How to achieve high-quality images with our text editor.

Quick guide

  • The image should be uploaded as an svg or jpg file.
  • Make sure your image has a density of at least 300 dpi (dots per inch).
  • You can determine the size of the images yourself.
  • Check if the program with which you create the image has a direct export function to a jpg file format, in which you can directly define the image quality.
  • Don’t use screenshots!
  • If you are unsure, check the print quality with a printout on a laser printer.

Our text editor lets you upload tables or pictures as an image. We will explain to you here how you can achieve print-ready quality in the format template you have chosen.

Upload the image as jpg or svg

Our text editor supports svg files, which will always put you on the safe side when it comes to image quality. You can find an online tool for converting jpg to svg here. In any case we recommend that you use jpg files rather than png files, as the latter are optimised for online use and may still cause printing problems.

Three hundred dpi is essential

The most important thing for the integration of print-ready images with SciFlow is the image resolution, which should be at least 300 dpi. To check this, right click on your jpg or png file, select “Properties” and then click on the “Details” tab. If 300 dpi is specified for horizontal and vertical resolution, you are on the safe side.

You can determine the size of the images yourself

The size of your images has nothing to do with the number of dots per inch; rather, you can choose what size you want. Free tools such as Gimp and paid tools such as Photoshop help you crop and scale your images to the ideal size. Our text editor works in such a way that the images are reduced in size in the editor itself, but are then displayed in the format template you selected in the way you originally uploaded them. We recommend that you print out the corresponding pages (see last point) and adjust the image size accordingly if an image on a page seems too large or too small.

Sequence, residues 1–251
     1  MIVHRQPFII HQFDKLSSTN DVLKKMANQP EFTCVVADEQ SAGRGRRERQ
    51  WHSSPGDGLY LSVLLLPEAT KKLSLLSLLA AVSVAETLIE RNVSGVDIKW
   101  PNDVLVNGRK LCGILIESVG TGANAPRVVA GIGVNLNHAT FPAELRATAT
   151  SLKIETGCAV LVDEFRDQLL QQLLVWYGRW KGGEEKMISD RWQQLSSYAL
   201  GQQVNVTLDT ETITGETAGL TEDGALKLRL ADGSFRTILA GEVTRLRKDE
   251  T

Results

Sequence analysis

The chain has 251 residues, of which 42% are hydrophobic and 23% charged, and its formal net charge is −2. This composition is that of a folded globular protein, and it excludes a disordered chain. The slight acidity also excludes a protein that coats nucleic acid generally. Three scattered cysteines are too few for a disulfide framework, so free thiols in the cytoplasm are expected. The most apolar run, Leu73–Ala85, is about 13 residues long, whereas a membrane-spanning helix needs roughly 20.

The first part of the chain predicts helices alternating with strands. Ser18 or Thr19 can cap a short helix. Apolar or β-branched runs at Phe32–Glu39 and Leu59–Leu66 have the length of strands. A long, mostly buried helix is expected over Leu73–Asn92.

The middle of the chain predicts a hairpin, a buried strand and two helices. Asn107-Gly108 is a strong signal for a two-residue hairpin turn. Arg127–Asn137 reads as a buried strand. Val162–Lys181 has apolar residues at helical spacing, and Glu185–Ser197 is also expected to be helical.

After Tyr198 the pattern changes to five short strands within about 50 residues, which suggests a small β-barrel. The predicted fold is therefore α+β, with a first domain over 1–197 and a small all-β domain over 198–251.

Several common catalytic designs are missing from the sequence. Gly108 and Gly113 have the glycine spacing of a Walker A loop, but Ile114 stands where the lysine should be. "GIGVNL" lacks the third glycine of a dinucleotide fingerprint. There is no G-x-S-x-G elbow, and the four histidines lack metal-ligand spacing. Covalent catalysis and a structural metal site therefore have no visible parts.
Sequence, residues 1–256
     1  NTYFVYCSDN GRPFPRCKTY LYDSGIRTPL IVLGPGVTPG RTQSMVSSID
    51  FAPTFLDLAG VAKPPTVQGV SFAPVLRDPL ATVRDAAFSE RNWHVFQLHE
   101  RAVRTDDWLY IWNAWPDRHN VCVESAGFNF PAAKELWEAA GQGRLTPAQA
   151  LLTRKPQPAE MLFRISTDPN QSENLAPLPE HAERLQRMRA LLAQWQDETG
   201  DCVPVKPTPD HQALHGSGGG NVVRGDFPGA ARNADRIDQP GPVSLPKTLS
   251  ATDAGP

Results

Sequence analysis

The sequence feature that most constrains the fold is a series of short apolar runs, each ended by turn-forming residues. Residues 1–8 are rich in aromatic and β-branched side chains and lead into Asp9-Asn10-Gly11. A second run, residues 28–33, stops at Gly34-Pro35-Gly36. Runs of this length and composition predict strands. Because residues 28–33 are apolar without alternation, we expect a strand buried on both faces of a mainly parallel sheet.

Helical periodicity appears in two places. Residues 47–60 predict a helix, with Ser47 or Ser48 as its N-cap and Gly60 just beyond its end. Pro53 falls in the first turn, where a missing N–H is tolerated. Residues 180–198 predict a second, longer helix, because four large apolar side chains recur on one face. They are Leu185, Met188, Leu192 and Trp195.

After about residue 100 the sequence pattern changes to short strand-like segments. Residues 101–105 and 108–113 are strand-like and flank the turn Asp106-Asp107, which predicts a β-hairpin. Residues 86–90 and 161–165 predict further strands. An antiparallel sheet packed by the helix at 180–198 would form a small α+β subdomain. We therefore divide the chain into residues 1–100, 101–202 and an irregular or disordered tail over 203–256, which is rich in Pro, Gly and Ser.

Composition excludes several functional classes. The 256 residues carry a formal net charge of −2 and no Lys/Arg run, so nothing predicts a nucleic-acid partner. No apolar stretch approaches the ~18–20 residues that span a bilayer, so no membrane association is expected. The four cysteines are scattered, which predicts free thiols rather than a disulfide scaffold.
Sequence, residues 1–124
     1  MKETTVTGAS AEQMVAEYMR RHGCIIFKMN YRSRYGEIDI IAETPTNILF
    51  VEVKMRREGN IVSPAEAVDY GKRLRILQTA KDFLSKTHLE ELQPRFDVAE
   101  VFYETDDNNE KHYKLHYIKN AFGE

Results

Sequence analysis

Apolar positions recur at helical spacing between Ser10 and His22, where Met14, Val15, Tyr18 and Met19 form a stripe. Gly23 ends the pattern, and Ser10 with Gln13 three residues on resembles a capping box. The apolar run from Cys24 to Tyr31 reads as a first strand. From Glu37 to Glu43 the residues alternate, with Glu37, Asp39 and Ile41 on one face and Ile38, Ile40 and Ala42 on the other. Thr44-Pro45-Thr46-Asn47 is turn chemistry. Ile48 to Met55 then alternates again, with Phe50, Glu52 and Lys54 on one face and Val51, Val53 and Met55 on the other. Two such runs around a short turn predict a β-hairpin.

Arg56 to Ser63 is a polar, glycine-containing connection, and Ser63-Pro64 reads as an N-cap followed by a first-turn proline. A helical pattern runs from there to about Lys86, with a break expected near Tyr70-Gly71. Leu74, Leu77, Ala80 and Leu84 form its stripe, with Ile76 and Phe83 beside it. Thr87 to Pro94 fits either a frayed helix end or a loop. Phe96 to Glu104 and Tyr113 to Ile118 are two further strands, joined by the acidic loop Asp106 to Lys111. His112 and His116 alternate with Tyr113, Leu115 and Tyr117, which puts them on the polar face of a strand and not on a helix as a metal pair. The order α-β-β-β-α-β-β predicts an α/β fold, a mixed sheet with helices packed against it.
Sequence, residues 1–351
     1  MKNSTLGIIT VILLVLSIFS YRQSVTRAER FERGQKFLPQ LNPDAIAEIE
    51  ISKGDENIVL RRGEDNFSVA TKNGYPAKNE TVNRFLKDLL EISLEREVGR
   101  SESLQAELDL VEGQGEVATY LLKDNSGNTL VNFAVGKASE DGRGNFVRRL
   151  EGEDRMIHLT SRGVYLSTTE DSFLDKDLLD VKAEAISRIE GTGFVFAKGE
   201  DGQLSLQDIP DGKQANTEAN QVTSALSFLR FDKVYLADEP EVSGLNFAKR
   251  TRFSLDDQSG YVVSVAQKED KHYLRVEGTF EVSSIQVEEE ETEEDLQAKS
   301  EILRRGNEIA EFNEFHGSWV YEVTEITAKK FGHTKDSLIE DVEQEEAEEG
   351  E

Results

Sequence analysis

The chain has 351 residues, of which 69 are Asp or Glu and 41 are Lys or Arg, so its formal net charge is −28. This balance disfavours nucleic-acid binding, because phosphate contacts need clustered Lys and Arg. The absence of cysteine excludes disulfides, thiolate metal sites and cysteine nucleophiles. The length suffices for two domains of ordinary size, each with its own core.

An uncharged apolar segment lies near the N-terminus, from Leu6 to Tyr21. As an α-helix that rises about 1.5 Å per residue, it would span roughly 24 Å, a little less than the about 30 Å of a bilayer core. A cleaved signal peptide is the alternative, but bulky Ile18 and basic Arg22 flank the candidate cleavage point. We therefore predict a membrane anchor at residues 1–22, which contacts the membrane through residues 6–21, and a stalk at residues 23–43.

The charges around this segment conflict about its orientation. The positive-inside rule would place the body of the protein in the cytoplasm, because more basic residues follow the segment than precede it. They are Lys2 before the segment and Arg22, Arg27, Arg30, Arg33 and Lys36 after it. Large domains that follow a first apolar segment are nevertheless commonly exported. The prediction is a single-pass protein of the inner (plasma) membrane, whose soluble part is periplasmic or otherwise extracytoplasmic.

Check if the program you are working with has a direct jpg export function

If you notice that the quality of your image is too poor (i.e. less than 300 dpi), check if the program you created the image with has a direct export function for jpg. These can usually be found in the “Export” tab, but in some programs they can also be found in the “Print” or “Save as” tab. In such cases, you can usually set the export image quality yourself.

Word, for example, does not yet have this function. What you can do in recent versions of Word (e.g. Word 2010 and above) is to save the document as a pdf file. With many pdf editing programs such as Adobe Acrobat and PDF XChange Editor you can then create a jpg in a second step, in which you can set the horizontal and vertical resolution in dpi.

Don’t use screenshots!

Unfortunately, screenshots rarely produce sufficient image quality for printing. In most cases, the images generated in this way have 72 dpi. You can increase this slightly, e.g. by zooming in on the screen, but it’s still difficult to reach the necessary resolution of 300 dpi. So make sure you have the original files and convert them into jpg or svg files with the tips mentioned above.

Print out the corresponding pages of your thesis with images

To be on the safe side, as a last step we recommend that you print out at least the relevant pages of your thesis with the images and check them. First, you can then see whether the size of the individual images is correct or whether you still have to make adjustments. And second, you can see if the images seem too blurred to you. Of course your laser printer at home isn’t as powerful as a printer in a print shop, but if you no longer notice anything here, it’s unlikely that more powerful printers will have any trouble with your images.